I see the plsRglm package does have an option for logistic PLS, but it seems to only handles one dependent variable rather than several. I suppose I could run two models, one to predict the binary variable and one to predict the continuous one. I prefer this pls-2 approach though for interpretability, since it shows how y variables together get predicted by x varaibles together, although maybe that's not a sufficient reason.

Thoughts? I guess my central question here is: What is the best way to use pls to approach a mix of binary and continuous variables?

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  • $\begingroup$ PLS2 is not a very common way to go. It is generally used for classification and when the response variables are correlated. If that is not the case, PLS1 is very likely to perform better since you get to choose different number of components for each response and this approach usually yields a model with higher predictive power. $\endgroup$ – theGD Nov 6 '17 at 12:24
  • $\begingroup$ Fair point. This points to a shortcoming of my example that I posted here. I have two actual problems with data I shoudn't post: In problem 1 the response variablesare not correlated, but have a similar relationship to the predictor variables. Cross-validation suggests suggest one latent variable and when the model predicts high levels of variable y1 they also predict low levels of variable y2. I like PLS2 in this case because it seems to suggest a way in which my x varaibles seem to have common effect on my y variables. $\endgroup$ – ohnoplus Nov 6 '17 at 18:07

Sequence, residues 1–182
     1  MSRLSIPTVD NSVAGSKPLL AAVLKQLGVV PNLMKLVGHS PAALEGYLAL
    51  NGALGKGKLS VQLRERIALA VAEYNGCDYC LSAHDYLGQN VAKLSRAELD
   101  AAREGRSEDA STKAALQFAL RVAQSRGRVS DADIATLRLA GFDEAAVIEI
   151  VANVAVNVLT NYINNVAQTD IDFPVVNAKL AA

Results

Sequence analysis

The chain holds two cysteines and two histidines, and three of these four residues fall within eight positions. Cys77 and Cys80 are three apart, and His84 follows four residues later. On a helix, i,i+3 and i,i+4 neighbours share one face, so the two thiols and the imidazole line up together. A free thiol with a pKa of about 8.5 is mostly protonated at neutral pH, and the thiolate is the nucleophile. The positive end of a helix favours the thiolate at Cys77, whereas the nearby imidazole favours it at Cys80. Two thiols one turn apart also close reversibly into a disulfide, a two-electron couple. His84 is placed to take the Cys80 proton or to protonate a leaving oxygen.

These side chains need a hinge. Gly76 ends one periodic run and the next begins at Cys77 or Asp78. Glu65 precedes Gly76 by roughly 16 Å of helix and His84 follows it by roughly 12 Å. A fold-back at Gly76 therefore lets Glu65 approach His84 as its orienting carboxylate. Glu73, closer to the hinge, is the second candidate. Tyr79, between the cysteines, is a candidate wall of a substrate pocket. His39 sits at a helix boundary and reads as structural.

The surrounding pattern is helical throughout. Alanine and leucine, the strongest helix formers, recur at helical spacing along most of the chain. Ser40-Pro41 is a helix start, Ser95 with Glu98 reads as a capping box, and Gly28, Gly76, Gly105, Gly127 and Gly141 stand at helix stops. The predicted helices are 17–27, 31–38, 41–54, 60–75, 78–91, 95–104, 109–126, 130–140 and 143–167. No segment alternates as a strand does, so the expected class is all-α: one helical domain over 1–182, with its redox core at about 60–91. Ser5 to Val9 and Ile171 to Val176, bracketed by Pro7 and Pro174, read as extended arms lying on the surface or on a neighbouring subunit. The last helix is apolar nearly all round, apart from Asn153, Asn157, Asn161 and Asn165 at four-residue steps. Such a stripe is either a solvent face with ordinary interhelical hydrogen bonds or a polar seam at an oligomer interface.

• $\begingroup$ In a second case, I have a handful of y variables, some discrete and some continuous, that are indeed correlated. I'd like to take advantage of pls-2's ability to handle correlated y predictors in that case. $\endgroup$ – ohnoplus Nov 6 '17 at 18:08
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Just throwing some ideas:

Let's say your categorical variable whose name is Cat has 4 levels: A, B, C, D. And you have 1 continuous variable whose name is Cont

I would create response matrix to be used in PLS2 such that for 3 samples: (first line is headers)

A B C D Cont
- - - - ----
1 0 0 0 4.2
0 1 0 0 3.3
0 0 0 1 1.9

So the first sample has A as categorical response and 4.2 as continous response and so on. You can apply PLS2 to this response matrix.

For prediction, you can assign categorical variable as whichever the maximum of A, B, C, D prediction is.

Edit: I forgot that your discrete variable is binary. Then you have only A and B and same logic applies to your case too.

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  • $\begingroup$ Thanks! So in this case, the approach that I used in my question would be appropriate, right? It seems then that I don't have to do anything special besides putting binary variables as ones and zeros in the response matrix. $\endgroup$ – ohnoplus Nov 6 '17 at 19:44
  • $\begingroup$ I am not sure whether it is the best way. But I would surely give it a shot. $\endgroup$ – theGD Nov 9 '17 at 11:42